He earned a bachelor’s degree in law enforcement administration from Western Illinois University in 1992. He went on to earn a master’s degree in human resource development from Webster University.

In 1994, he graduated from the 54th session of the Southwestern Illinois College Police Academy and made law enforcement his life’s work.

“I wanted to be apart of something bigger than myself. I’ve always wanted to be where things were happening. I wanted to be of service similar to my desires to go into military service,” Wittenauer said.

In 2006, he graduated from the Northwestern University of Police Staff and Command in Evanston, Ill., and in 2012, completed elite training from the FBI National Academy in Quantico, Va.

Career

After former Chief Jim Stover announced his plans to retire in 2016, Shiloh spent nine months looking for his replacement before deciding on Wittenauer, who was working with the Collinsville Police Department at the time.

Wittenauer, who also spent time as an officer in Cahokia, started working for Collinsville in 1994. He became a lieutenant in 2009. He took on the role of assistant police chief three years before being welcomed to Shiloh.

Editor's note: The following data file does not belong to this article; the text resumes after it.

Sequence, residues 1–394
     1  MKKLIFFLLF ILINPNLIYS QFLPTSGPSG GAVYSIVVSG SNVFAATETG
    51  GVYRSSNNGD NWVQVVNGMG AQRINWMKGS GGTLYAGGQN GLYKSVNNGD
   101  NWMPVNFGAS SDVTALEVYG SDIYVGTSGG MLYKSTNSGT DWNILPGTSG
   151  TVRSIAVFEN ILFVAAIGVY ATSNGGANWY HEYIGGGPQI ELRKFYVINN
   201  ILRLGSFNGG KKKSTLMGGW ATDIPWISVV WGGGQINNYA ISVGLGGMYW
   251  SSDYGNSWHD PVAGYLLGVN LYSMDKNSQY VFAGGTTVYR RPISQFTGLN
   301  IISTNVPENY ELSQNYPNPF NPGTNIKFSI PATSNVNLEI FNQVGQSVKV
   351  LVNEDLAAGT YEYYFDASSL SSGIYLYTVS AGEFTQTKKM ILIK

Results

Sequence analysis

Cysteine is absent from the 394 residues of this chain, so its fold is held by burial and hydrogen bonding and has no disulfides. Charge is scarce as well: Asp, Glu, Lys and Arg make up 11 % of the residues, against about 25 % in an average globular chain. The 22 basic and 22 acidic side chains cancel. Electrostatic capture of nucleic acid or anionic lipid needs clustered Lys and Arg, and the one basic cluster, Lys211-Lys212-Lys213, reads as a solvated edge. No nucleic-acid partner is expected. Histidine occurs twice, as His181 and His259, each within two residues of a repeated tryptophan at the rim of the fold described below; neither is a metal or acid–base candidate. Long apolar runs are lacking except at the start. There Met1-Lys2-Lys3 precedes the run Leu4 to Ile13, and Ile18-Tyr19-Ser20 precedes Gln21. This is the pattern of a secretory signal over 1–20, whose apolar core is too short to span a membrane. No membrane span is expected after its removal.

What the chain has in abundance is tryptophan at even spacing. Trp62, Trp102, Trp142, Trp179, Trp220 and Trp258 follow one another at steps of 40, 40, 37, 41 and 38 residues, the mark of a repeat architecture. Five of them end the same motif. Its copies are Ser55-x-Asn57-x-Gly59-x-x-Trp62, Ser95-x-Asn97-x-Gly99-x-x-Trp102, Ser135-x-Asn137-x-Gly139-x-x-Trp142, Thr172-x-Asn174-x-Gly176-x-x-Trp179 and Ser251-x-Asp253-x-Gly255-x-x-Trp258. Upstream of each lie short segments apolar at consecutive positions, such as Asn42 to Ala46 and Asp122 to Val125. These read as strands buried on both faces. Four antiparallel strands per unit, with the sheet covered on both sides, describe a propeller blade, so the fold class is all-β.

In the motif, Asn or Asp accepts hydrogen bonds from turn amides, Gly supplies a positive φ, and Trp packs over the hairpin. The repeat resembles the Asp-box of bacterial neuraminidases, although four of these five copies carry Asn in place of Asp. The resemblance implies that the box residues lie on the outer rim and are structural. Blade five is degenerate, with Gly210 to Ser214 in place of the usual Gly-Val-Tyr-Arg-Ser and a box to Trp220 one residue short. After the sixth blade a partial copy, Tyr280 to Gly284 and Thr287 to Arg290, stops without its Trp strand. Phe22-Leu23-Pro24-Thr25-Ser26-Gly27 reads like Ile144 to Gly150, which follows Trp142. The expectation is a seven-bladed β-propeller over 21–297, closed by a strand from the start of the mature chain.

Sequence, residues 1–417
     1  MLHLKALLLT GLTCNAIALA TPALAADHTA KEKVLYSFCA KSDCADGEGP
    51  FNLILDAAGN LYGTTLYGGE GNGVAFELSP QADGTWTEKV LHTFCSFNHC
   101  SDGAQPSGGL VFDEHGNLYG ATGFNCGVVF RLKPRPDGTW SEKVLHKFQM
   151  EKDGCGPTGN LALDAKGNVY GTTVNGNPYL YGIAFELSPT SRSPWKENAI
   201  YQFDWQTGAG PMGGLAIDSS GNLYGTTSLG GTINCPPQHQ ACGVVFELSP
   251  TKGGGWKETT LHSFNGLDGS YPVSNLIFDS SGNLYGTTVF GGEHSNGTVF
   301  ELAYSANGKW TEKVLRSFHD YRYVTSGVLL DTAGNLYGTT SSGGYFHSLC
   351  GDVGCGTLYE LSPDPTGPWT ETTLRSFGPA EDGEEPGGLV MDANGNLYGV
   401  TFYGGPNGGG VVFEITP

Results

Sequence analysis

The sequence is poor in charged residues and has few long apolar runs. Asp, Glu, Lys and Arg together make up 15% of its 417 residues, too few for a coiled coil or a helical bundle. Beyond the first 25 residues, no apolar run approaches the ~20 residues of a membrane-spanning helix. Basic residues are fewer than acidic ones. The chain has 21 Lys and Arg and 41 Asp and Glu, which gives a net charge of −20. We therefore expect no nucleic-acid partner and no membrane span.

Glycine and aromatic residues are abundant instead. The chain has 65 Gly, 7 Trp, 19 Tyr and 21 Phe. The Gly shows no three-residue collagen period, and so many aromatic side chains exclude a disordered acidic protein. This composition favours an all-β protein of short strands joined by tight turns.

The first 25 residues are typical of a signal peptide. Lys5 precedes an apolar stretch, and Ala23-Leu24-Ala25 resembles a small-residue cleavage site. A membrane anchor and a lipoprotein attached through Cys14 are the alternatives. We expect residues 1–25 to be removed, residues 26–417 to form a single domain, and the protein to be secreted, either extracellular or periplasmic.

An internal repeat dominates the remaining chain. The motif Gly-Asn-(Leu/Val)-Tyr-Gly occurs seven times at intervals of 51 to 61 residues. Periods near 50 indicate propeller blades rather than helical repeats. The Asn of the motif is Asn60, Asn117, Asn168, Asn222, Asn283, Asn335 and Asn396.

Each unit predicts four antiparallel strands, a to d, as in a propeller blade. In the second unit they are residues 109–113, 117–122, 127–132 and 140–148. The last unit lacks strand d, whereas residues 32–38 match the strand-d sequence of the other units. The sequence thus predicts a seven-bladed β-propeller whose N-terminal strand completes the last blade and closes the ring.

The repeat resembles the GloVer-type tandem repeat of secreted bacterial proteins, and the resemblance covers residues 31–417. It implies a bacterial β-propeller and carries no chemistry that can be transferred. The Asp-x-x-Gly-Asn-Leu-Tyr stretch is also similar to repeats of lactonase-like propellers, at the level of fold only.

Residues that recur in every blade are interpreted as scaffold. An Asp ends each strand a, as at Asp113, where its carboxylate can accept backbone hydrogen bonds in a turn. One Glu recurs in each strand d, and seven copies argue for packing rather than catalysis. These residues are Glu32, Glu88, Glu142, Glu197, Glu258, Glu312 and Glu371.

“I worked with the Major Case Squad during that time as an investigator, and then as a deputy commander before stepping down when I became chief here in Shiloh,” Wittenauer said.

He was also named CPD officer of the month four times while holding several other positions, such as patrol and field training officer, detective, patrol commander and detective sergeant. Some of his other responsibilities included being a juvenile officer, defensive tactics instructor and public information officer.

From 1998 to 2001, he served as an investigator with the Metro East Auto Theft Task Force. Wittenauer recently taught as an adjunct professor at Lindenwood University in Belleville.

In 2003, he was awarded the Medal of Valor by the Illinois Association of Chiefs of Police for extraordinary heroism.

Family and free time

Wittenauer lives with his wife and two stepdaughters, 16- and 22-years-old.

Wittenauer said he enjoys spending time with with family and friends and being outdoors.

Whether it’s putting on the green, or working out, Wittenauer said, he tries to stay active.

“We just went ice skating, and that was fun,” he said.

Robyn L. Kirsch: 618-239-2690, @BND_RobynKirsch